December 2018 Newsletter

ASTA In Review
America’s largest seed industry conference, Dec 3-6, 2018 Chicago, IL 

We attended the American Seed Trade Association meetings in Chicago the first week of December. This is a meeting that brings a significant number of people involved in the seed industry; breeders, seed producers, sales and marketing and the suppliers of all aspects of the seed industry. The seed industry is as vibrant as ever in spite of a low farm economy. The large company mergers are conveying a sense of a healthy industry-promoting innovation, stewardship and profitability. All other segments of the seed industry are also very active. The organic seed industry is prospering, acreages are getting larger and grain prices are very healthy Current prices for conventional vs. organic grain are as follows: 

Demand for Identity Preserved non GMO grains for export is increasing. Japan, one of the importing countries, has only a 28% food self sufficiency rate compared to 132% food sufficiency rate for the U.S. Over the years, China has converted to a net importer. Identity preserved markets are served by grain exporters connected to overseas markets. Commodities are shipped on large barges, bulk ships and containers. Markets for specialty grains are developing domestically and overseas. GEI is very enthusiastic about the growing demands for healthy foods where our corn specialty products can have an impact. Product innovations are part of our company breeding efforts. There are new breeding techniques to accelerate the pace of the breeding cycles that we will be integrating in our product development. 

Eating in Chicago

During our trip to Chicago for the ASTA meetings, we noticed something amazing. We were seated at our favorite sandwich shop and saw a lineup just across the hall at a vending machine. People were waiting their turn to buy glass jars filled with salads, yogurts with assorted fruits and granola, even sandwich or wrap makings in the jar. There were also soups and drinks such as teas, flavored water or kombucha. The vending machine was labeled Farmer’s Fridge.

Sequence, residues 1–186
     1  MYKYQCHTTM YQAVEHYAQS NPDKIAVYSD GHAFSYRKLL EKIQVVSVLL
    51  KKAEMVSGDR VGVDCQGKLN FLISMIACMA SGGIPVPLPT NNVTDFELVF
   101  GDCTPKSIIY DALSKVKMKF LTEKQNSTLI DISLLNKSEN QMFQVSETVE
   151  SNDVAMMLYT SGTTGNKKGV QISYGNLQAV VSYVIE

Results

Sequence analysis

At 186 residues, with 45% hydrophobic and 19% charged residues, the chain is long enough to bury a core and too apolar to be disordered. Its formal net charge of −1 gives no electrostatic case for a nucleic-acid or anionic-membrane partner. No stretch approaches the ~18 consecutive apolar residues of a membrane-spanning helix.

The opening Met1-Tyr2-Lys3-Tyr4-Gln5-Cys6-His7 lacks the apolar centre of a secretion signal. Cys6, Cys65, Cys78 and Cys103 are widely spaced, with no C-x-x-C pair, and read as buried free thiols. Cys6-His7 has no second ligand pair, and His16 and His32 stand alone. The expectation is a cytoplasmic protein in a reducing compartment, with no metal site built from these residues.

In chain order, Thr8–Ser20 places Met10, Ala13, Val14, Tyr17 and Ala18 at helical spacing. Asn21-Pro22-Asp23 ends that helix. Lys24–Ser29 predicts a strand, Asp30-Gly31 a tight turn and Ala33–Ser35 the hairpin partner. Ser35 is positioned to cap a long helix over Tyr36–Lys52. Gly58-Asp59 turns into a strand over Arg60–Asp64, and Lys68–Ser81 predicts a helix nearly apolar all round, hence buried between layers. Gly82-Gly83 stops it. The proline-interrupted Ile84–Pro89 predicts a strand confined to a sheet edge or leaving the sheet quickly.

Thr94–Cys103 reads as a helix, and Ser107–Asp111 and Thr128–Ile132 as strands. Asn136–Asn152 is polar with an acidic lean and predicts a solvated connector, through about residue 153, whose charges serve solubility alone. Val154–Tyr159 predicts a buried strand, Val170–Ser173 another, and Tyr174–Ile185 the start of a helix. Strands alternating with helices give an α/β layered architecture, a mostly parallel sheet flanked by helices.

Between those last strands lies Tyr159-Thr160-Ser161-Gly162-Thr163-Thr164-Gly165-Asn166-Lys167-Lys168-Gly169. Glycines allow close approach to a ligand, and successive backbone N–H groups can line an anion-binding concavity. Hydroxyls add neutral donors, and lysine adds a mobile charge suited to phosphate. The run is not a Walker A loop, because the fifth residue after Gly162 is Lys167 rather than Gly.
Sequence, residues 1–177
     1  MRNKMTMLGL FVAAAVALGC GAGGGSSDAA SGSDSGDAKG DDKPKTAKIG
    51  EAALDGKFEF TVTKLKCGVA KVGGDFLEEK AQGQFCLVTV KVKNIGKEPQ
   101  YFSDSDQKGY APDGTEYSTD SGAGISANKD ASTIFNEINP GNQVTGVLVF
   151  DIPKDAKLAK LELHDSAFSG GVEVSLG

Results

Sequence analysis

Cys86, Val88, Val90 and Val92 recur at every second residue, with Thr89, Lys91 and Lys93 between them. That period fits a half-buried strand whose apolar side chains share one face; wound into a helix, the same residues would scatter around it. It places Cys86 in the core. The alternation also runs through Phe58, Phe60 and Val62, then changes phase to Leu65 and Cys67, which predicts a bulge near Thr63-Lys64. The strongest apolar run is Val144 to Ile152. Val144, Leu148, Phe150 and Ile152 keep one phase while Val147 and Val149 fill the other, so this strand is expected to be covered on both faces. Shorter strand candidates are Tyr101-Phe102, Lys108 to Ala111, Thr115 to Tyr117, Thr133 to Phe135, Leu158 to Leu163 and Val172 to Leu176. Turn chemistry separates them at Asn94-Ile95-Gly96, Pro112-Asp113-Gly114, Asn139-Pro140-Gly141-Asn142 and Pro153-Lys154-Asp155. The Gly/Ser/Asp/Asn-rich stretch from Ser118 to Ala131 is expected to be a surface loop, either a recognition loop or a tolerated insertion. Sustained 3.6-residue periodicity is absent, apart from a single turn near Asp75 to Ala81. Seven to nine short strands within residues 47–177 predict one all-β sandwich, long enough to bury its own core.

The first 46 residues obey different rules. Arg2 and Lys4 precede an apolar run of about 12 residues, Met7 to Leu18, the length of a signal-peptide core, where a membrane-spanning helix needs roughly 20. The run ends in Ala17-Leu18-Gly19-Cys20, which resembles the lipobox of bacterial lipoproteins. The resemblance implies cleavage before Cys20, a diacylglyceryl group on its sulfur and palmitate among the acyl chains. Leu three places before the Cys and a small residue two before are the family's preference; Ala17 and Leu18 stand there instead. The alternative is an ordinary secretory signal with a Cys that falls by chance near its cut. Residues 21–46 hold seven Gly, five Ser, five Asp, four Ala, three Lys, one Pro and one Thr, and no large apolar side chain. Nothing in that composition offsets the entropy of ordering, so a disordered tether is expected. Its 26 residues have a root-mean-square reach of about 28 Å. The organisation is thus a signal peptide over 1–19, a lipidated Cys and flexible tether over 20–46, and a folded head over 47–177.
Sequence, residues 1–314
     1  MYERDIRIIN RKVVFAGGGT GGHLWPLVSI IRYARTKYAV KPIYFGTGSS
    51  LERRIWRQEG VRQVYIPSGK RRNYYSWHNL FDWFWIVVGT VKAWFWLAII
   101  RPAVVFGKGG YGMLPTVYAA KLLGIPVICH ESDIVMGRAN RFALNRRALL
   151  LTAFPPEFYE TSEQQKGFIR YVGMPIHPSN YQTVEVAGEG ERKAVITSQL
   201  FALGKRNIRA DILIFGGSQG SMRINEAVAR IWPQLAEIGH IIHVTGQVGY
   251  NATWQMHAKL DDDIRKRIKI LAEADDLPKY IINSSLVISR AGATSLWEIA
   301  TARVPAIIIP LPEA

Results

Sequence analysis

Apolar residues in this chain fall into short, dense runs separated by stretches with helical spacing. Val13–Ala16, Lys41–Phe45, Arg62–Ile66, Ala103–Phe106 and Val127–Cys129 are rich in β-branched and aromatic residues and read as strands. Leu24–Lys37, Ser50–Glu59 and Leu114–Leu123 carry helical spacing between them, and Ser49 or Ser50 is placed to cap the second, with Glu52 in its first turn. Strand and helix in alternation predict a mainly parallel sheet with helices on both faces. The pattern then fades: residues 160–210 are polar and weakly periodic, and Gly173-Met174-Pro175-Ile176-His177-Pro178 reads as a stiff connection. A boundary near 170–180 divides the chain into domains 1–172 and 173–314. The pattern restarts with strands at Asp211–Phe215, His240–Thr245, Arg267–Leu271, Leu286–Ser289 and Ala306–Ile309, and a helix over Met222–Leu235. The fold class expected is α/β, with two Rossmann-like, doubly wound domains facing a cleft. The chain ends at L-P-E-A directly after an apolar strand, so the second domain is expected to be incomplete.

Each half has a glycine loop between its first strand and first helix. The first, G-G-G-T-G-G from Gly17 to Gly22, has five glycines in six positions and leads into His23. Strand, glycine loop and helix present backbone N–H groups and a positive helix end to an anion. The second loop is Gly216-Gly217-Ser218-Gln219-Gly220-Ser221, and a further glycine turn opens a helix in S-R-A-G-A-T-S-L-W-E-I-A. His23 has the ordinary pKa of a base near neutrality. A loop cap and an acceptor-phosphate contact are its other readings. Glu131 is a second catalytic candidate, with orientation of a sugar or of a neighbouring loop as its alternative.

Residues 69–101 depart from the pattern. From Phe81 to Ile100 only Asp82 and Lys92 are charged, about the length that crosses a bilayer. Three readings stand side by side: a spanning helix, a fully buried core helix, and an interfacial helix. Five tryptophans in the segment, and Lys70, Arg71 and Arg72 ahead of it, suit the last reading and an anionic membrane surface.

On further investigation, we found that the machine had a slot for credit cards. It also had an opening for returning used jars. The website for this venture tells that each machine is resupplied daily. This seems to be unique to Chicago. Sites throughout Chicago serve the public but also are private such as inside an office building. At the end of the day, remaining food is removed and given to those in need. You can check out this unique business at . Eating healthy is catching on! 

Last year at the American Seed Trade Association meetings, we found a restaurant close to the hotel. It’s called the Broken English Taco Pub. We went there about 11:30 in the morning. We must have reminded our waiter of his grandparents because he was very solicitous. The place was calm and quiet. He helped us choose what would be good. We spoke to him in Spanish (to live up to the name). Then he gave us fair warning that the place would soon be inundated. He wasn’t kidding. The noon lunch crowd came in like ravenous wolves.

This year at dinner time, it was freezing cold and another favorite restaurant had closed down. We quickly hiked over to the Broken English. This time there was no calm and certainly no quiet. There would be a wait of 45 minutes. It was too cold to look elsewhere. We couldn’t hear each other as we sat at the bar. It appears that the young Chicago office workers don’t like to go home after work. We were able to “people watch” for about 45 minutes before our text message arrived that a table was available. We ate our tacos in silence because once again, we couldn’t hear each other. 

We had time to contemplate the incredible amount of corn that is used by this business. Tortilla chips are ordered with guacamole and are very popular. The tacos are made with double fresh tortillas. The place is open every day from lunch to late at night. That’s a lot of corn!